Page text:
not take advantage of colour block engraving, although the process had become known before his death, but some of his volumes were admirably coloured by hand, and in a style that recalls the manner of the artist in his original sketches. It is probable that it was the success of these painted books that led to the adoption of colour printing by Torii Kiyonobu and his successors a generation later. His principal works appeared between 1680 and 1701; but he lived many years after the latter date, and died about 1714 at the age of sixty-seven.
The name of Hishigawa Moronobu was adopted by a successor who imitated his style of painting, and the names of several other followers are recorded, but we know nothing of their work. There were, however, many unsigned book illustrations bearing traces of the manner of Moronobu published about the end of the seventeenth and beginning of the eighteenth centuries, and it may be assumed that they issued from his school.
Although Moronobu was the leader of the new departure, there was one later contemporary artist who took an independent and important part in the establishment of artistic book illustration. This was Okumura Masanobu, a less vigorous and original designer than the master, but one of high capacity. Like Moronobu he made a speciality of the E-hon, or picture-book pure and simple–albums of pictures without any pretence of text beyond a short marginal script–and he was the author of many admirable pictorial broadsides (known in Japan as ìchimai-yé, or “single-sheet sketches”). He, indeed, may be said to have done for the broadside what Moronobu did for the book, for his work in this direction appears to have preceded that of the Toriis, the great broadside artists of the eighteenth century. There are three of his books in the British Museum Collection, and a broadside representing a figure of a young girl, drawn with a beauty of line that rivals the best of the work of his follower Nishigawa Sukénobu. The sheet in question is coloured by hand for sale, but some of the later prints published in concurrence with those of Torii Kiyonobu about 1710 have been struck off from two blocks, one in black, the other in tint. Fig. 7 is a good example of his manner.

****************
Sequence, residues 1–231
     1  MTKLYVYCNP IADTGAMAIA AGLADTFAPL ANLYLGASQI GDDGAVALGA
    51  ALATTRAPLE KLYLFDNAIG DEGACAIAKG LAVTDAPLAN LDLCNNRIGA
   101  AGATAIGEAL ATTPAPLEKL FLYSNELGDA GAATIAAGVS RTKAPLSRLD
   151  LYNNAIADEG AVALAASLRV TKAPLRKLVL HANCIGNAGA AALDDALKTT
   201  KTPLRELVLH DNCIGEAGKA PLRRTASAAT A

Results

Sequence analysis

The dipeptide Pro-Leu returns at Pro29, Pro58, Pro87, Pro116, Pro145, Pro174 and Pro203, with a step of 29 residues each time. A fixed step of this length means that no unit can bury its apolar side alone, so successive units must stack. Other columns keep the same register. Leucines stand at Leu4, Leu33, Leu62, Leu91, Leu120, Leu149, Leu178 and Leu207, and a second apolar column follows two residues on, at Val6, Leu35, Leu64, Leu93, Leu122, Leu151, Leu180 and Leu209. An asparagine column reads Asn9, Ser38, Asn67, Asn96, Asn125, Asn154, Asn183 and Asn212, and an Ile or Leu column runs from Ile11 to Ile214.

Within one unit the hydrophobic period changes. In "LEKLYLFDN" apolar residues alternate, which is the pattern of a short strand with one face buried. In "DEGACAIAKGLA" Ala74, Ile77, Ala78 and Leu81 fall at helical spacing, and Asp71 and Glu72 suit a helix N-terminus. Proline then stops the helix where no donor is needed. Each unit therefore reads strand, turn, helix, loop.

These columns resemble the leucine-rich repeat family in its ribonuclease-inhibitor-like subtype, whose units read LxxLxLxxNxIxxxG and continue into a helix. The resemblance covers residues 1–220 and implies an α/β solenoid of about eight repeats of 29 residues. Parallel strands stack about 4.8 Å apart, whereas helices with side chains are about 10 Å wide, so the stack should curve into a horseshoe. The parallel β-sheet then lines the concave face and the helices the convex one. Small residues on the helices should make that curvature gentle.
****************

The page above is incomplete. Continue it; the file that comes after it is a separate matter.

Finally, two other names deserve mention–those of Haségawa Tōün and Ishikawa Riusen. The former is represented by the illustrations to